- How should key terms, including rural, broadband, unserved, and underserved be defined? This critical question includes many subtexts, such as how speeds should be measured (symmetrical, asymmetrical, peak use, etc.), and whether an area is underserved if it has access only to “lower speed” broadband services.
- How should the nondiscrimination and network interconnection conditions be defined? The Notice asks what “elements of network management techniques” should be described and permitted as a condition; whether network interconnection obligations should be based on existing statutory schemes; whether failure to honor these conditions should lead to “de-obligation” of funds; and, whether the conditions should extend beyond the life of the grant and “attach for the useable life of the infrastructure.”
- What role should states have in selecting projects? The Notice asks how state priorities should be considered and what the appropriate role of states should be in selecting projects.
Interested parties may submit comments to the NTIA/RUS in response to these questions or any other matter through April 13. The agencies' consideration of these comments will provide the framework for how the NTIA/RUS will administer this program. We therefore urge interested parties to begin preparing comments on these issues immediately.
First NTIA/RUS public meeting raises more questions than it answers
Few new specifics were revealed in the March 10 public meeting. Rick Wade of NTIA summarized NTIA's goals: 1) close the broadband gap across the country; 2) stimulate investment in broadband infrastructure; 3) create jobs; 4) provide broadband access to schools, libraries, and other community anchor organizations; and 5) stimulate broadband demand. In the question-and-answer period, the most common answer was that the agencies would welcome input on the specific rules and procedures that should apply where the statute is not clear. Some new information was announced:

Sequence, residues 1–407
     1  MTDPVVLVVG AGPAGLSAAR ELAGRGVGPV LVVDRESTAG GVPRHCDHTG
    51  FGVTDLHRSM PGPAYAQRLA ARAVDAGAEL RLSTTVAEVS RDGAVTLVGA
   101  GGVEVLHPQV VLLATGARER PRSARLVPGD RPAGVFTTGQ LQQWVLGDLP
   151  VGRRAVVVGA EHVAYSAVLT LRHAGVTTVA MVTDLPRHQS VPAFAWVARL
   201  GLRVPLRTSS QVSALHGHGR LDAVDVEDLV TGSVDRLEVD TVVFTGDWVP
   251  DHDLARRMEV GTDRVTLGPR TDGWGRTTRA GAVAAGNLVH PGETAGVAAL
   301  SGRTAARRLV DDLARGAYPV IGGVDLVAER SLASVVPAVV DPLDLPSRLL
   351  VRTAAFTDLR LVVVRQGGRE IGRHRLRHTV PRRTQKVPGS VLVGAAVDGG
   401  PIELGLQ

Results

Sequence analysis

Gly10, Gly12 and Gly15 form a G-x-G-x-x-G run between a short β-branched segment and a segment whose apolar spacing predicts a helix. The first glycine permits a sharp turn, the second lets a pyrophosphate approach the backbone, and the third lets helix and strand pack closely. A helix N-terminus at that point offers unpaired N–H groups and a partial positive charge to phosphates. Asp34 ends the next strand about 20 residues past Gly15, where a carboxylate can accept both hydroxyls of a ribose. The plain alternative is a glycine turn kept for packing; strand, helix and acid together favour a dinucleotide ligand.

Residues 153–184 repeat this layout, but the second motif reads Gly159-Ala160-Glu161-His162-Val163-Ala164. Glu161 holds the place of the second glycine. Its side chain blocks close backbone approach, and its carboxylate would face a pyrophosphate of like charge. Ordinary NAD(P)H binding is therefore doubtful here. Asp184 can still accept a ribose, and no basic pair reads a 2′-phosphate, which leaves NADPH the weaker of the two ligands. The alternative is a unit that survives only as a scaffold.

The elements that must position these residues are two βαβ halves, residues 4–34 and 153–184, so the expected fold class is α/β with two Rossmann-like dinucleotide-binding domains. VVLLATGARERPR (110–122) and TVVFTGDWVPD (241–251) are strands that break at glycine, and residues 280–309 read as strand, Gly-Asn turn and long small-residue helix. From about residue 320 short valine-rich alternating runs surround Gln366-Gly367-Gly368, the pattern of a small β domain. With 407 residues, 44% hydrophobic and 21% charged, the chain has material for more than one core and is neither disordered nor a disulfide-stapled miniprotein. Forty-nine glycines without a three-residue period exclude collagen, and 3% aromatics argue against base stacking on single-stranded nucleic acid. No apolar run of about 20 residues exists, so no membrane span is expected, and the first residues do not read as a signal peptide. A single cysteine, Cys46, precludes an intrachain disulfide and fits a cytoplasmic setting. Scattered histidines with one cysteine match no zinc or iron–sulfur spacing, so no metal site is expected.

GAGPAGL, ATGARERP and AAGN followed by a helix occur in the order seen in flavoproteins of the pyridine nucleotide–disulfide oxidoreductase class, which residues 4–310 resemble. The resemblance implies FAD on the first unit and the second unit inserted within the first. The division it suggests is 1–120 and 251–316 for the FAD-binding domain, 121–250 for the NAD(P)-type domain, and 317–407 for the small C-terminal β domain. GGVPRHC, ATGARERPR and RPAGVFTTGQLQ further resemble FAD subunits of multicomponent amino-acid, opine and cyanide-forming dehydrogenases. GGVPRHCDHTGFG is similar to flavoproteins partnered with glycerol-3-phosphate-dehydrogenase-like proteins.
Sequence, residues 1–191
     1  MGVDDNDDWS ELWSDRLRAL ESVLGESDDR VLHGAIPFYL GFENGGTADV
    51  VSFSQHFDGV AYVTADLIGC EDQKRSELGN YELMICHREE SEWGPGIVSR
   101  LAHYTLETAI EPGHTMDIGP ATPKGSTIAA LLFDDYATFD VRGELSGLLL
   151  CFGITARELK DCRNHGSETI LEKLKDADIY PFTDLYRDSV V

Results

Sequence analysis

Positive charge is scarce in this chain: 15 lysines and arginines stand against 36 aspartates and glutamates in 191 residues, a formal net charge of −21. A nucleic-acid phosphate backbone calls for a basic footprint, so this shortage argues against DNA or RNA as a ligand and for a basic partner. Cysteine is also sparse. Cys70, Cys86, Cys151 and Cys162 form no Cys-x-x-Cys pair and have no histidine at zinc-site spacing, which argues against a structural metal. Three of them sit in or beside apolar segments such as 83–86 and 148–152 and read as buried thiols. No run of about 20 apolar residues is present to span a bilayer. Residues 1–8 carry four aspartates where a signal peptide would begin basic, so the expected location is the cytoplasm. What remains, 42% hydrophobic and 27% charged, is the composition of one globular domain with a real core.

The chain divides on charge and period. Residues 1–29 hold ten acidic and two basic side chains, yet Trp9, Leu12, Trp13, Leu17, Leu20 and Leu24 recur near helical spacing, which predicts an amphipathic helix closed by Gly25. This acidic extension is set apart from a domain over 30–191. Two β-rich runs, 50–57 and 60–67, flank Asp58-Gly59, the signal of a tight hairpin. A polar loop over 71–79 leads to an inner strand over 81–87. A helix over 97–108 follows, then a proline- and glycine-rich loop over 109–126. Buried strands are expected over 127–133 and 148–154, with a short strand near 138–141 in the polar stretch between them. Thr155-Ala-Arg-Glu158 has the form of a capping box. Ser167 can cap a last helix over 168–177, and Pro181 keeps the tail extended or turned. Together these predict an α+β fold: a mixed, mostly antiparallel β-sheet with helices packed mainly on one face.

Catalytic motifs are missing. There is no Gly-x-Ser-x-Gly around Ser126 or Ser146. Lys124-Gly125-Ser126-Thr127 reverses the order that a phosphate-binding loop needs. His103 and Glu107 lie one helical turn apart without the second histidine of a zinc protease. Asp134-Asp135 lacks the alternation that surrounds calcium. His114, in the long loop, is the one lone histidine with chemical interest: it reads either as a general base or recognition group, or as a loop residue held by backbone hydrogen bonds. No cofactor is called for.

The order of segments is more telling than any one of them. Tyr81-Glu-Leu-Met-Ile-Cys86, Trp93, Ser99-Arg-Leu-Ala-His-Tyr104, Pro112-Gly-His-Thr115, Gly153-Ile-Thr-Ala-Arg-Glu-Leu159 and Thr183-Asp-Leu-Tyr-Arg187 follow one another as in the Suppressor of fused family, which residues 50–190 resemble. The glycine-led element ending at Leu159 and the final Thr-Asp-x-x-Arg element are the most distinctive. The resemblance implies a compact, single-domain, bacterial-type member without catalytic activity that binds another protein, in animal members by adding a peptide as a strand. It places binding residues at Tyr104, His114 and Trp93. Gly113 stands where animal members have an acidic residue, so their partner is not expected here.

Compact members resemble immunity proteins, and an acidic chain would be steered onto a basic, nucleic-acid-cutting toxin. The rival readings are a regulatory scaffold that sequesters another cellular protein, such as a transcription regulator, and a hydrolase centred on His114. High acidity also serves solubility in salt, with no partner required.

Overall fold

- Parties will be permitted to apply for funding from both programs, even though they are ultimately prohibited from receiving funding from both for the same project.
- NTIA will conduct three separate rounds of grants, roughly scheduled for April through June 2009, October through December 2009, and April through June 2010. The first “Notice of Funding Availability” (NOFA) will be issued some time after the comment deadline of April 13.
- Some portion of the funding likely will be reserved for each round, although we note that many will remind NTIA of the Congressional objective to inject money into the economy as soon as possible.
- RUS expects to issue a NOFA within 60 to 90 days that will explain application requirements, scoring and evaluation criteria, and reporting requirements.
- RUS would strongly consider awarding loans or mixed grant/loan awards as a way of increasing the scope of the program. Previously, there had been speculation that most RUS awards would be grants.
- Applications must, among other things, provide detailed descriptions of the project; budgets; disclosure regarding any other federal or state funding source for the project; and a showing that the project would not be undertaken but for the funding grant. An NTIA official called the last of these "not a mushy but a hard and fast requirement."
- Applicants may need to discuss the retail price at which they would offer service, in order to demonstrate the “affordability” of their service.
NTIA and RUS will hold additional public meetings in Washington, D.C., on March 16, 19, 23 and 24; and on March 17 in both Las Vegas, Nev., and Flagstaff, Ariz. The meetings will provide opportunity for public comment (with 60-second slots for questions or statements), and the agencies may also present additional information in specific pre-announced topics. All of these meetings will be available by webcast.